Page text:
There aren’t many artists who release their debut album at the age of eighty-one. Leo Welch has just done that. He released Sabougla Voices on 6th January 2014, on Big Legal Mess Records. Sabougla Voices is a glorious fusion of blues and gospel. Listening to Sabougla Voices, is a bit like discovering a lost classic. You wonder where Leo Welch has been the past sixty years? Moreover, you wonder where Sabougla Voices has been? Has it lain unreleased in the vaults of a record company for many years?  That’s not the case though.

If Leo Welch hadn’t decided to get in touch with Big Legal Mess Records, his debut album would never have been recorded. It was only with the support of Big Legal Mess Records, that Leo Welch was belatedly, able to record his debut album. Having supported Leo and made his dream possible, Leo repaid their faith. Sabougla Voices is like a journey back in time.

The music on Sabougla Voices is a mixture of vintage blues and stripped down gospel. For part of Sabougla Voices, it’s like turning back the clock and wandered into a post war juke joint. There, Leo and his band create blues music that’s reminiscent of Magic Slim, Big Jack Johnson, Booker T. Laury and a whole host of blues greats. That’s no surprise. Leo began his career playing the blues. Later, as blues fell from favour, Leo started singing gospel. However, Leo still loved the blues and on Sabougla Voices, gets the opportunity to showcase the musical loves of his life, blues and gospel. Before I tell you about Sabougla Voices, I’ll tell you about Leo Welch’s life and career.

Leo Welch was born in Sabougla, Mississippi, in 1932, where he’s lived all his life. He was born into a large family, growing up alongside seven sisters and four brothers. It was only when Leo and his cousin Alandus borrowed their older cousin’s guitar that Leo’s musical ability became apparent. 

Soon, Leo and Alandus were able to play the guitar better than its owner, R.C. Welch. They were able to play songs that were playing on the radio and entertaining their family. Gradually, Leo graduated to the fiddle and harmonica. Eventually, whenever there was a party, picnic or family gathering, Leo along his cousin R.C. Welch and Otis McCain would provide the entertainment. From there, Leo got the chance to play with professional musicians.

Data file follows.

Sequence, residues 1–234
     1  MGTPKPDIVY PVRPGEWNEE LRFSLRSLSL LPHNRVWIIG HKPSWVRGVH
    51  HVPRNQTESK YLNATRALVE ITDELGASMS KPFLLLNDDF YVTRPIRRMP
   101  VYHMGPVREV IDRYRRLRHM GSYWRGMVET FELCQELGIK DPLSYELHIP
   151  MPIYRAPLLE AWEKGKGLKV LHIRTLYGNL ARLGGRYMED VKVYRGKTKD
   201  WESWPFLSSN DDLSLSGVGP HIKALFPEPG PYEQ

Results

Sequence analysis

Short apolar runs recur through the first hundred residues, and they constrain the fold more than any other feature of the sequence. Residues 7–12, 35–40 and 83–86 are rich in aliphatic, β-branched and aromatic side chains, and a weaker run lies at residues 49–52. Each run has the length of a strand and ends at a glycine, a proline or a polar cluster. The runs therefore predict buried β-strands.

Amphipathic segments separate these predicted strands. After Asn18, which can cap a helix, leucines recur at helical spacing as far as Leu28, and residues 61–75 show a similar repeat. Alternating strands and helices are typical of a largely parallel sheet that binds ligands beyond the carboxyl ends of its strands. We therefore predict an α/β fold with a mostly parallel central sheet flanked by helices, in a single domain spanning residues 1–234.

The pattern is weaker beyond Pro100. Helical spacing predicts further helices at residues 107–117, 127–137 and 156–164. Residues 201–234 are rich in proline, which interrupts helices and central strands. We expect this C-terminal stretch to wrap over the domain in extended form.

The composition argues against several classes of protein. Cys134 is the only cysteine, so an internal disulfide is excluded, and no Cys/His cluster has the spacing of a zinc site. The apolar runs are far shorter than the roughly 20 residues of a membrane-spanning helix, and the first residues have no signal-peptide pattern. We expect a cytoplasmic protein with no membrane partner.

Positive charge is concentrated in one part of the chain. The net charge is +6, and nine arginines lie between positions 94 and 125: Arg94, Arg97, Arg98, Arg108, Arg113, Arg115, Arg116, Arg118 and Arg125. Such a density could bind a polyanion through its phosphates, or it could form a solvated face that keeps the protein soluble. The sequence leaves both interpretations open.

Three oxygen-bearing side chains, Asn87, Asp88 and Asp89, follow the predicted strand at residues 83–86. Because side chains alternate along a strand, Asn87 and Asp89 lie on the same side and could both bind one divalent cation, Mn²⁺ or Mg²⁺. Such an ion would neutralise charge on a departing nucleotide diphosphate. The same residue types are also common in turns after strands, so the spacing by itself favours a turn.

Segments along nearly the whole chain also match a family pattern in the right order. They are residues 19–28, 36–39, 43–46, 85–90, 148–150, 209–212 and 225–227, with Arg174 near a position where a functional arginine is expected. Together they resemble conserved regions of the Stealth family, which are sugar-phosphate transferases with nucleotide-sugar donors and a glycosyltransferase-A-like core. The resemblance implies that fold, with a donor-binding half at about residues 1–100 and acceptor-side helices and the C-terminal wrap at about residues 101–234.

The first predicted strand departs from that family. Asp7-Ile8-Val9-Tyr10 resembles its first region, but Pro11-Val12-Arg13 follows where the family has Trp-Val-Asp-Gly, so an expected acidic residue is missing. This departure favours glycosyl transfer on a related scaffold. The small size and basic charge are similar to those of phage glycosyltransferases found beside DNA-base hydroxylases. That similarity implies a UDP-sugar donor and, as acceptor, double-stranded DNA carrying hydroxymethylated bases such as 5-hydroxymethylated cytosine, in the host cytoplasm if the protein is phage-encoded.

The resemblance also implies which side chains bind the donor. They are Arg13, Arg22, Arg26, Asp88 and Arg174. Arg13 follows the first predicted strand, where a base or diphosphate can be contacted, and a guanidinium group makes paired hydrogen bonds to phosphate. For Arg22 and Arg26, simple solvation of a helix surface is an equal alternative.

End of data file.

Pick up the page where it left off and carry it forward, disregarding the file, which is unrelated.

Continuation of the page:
Whenever professional blues musicians swung through Sabougla, Leo got the chance to sit in with them. Although he more than held his own during these jam sessions, nothing ever came of them. This was the same with auctions. Always, come Monday morning, Leo was back at work. This meant logging or working at the local farm. It seemed, music wasn’t going to provide Leo with escape from the daily grind of 9pm to 5pm. 

While Leo looked like he never was destined to get a break, he absorbed music. Whatever was on the radio, Leo listened to. It didn’t matter if it was soul, blues or gospel, Leo listened intently. He loved music. It was one of his passions. This was lucky, as music was changing. Blues was no longer as popular. So around 1975, Leo switched to singing gospel.

Leo had first heard gospel music at church. He also listened to gospel on the Nashville radio station WLAC. Gospel was enjoying something of a renaissance. Even better, there were plenty of venues spread across Mississippi. For Leo’s new group, Leo Welch and The Rising Souls, this meant new opportunities for Leo. He modified the blues music that he’d been playing and embarked upon a new chapter of his career. Maybe this was the break he’d been looking for?

Since then, Leo has played in two gospel groups, based in the Bruce area of Mississippi. These groups are The Spiritualaires of Bruce, Mississippi and Leo Welch and the Sabougla Voices. Away from playing live, Leo has been the host of The Black Gospel Express TV program. Then in 2013, out of the blue, Leo decided to get in touch with Big Legal Mess Records.